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This very unusual and highly sculptural basket of woven pandanus leaves is shaped as a headless torso. It is from Sumba island in the Lesser Sunda Islands, east of Java and Bali in Indonesia.
The size of a small child, it is hollow and was used for ceremonial purposes, possibly in connection with rice growing or rice preparation. The ends of the legs and arms are woven closed so that the basket can hold rice for example.
An almost identical but slightly smaller example is illustrated in Indonesian Arts. This too is attributed to early 20th century Sumba.
Traditionally, the people of the Lesser Sunda Islands lived in a world of light and dark, of contrasting elements between male and female, the living and the ancestral – a dual cosmology in which a careful balance of obligations was maintained through a complex and regular pattern of offerings made to the spirits, as well as exchanges between family members, between the living and the dead, and with people of high-born rank. The exchange with the dead was symbiotic: the living helped through rituals the deceased to achieve a good place in the afterlife, and the dead would reciprocate by bestowing prosperity on the living. Harvest and fertility rituals thus were extremely important. These were characterised as ‘white’, whereas mortuary rituals were seen as ‘black’, the two being as important as each other to ensure balance and harmony. Most items associated with ritual offerings had humanoid form, and so it is in this context that the basket here can be seen.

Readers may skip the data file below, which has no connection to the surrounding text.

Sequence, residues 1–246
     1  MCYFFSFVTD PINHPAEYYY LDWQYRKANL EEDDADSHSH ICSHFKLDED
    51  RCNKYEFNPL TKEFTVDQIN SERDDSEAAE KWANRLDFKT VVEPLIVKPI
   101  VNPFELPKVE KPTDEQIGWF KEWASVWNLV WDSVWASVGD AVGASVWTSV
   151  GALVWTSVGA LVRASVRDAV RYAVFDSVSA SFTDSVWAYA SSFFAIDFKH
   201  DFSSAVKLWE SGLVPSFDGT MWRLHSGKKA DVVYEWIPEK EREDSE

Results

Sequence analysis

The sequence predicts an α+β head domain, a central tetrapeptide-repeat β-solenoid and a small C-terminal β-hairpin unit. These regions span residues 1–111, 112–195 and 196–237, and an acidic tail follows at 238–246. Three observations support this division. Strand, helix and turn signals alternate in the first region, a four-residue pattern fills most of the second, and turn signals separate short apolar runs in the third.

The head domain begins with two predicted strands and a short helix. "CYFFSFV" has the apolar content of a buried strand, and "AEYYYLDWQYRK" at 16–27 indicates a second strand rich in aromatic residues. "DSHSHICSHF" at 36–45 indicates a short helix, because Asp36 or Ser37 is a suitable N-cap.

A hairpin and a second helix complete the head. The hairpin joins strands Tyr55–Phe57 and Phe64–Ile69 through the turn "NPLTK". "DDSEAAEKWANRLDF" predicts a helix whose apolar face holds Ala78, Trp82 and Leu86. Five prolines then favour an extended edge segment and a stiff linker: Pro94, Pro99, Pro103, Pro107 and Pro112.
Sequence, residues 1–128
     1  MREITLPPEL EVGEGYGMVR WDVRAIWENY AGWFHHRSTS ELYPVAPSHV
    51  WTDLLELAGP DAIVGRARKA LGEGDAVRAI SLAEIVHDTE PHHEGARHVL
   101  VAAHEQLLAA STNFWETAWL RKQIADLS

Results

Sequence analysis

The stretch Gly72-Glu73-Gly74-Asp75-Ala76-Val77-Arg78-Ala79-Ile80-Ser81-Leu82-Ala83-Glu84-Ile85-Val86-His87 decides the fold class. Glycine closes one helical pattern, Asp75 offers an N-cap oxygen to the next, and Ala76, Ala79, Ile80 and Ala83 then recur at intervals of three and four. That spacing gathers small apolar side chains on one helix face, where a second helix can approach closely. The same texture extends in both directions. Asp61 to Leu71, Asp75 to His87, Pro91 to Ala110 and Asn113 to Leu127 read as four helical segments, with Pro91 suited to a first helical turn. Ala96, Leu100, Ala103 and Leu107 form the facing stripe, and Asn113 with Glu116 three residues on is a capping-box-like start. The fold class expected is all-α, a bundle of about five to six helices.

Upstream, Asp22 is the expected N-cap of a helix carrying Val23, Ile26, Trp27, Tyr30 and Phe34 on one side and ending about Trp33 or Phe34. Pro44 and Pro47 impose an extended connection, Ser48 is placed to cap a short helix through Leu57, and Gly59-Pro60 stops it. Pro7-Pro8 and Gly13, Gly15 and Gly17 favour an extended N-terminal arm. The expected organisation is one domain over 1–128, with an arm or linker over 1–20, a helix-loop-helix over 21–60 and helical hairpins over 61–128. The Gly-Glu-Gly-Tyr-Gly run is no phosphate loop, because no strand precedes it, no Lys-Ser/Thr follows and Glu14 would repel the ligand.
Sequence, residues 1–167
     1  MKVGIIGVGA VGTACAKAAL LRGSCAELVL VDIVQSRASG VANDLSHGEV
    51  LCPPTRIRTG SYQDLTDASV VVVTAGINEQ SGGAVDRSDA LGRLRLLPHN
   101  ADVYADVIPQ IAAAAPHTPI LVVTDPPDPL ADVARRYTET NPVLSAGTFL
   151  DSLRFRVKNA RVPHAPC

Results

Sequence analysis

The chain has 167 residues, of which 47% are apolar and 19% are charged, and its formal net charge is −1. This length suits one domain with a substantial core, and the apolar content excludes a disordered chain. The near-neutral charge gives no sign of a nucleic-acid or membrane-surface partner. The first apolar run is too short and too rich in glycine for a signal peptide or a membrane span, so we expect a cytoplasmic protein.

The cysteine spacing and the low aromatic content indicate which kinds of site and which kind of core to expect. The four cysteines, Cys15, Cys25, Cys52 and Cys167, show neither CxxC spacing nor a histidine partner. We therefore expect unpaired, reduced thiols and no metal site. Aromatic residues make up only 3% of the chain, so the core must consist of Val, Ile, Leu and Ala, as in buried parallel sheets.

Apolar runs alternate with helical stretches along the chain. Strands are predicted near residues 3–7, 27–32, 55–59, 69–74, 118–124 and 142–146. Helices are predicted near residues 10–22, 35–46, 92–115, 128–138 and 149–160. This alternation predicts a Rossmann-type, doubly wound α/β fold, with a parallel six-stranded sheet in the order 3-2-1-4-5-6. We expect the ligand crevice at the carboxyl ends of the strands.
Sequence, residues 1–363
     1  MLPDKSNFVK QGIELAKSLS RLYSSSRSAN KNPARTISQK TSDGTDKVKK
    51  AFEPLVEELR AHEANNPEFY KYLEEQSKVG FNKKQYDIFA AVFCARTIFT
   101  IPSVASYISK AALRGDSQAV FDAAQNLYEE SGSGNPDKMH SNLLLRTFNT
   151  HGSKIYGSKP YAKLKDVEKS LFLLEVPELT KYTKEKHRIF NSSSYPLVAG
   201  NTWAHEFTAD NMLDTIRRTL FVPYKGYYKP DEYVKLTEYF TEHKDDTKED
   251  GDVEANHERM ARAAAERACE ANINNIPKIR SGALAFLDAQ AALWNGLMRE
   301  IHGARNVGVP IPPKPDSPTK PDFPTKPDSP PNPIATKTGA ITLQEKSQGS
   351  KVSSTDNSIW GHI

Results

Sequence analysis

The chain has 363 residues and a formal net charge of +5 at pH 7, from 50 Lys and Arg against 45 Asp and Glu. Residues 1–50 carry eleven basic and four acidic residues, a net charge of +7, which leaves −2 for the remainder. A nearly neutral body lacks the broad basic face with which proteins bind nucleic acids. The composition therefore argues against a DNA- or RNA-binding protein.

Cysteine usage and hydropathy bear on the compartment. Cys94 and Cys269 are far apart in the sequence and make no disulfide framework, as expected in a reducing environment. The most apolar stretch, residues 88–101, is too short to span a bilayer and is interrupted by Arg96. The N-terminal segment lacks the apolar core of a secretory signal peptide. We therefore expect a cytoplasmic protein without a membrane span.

It is in fine condition. It has very obvious age with a dark and varying patina. There is no significant damage and no repairs. The item has great decorative value.
The item is accompanied by a quality, custom-made, black display stand.
Indonesian Arts: A Collection of Veky Leo & Melanie Leo Duvern (undated).
Taylor, P.M. & L.V. Aragon, Beyond the Java Sea: Art of Indonesia’s Outer Islands, National Museum of Natural History/Harry N. Abrams, Inc,1991.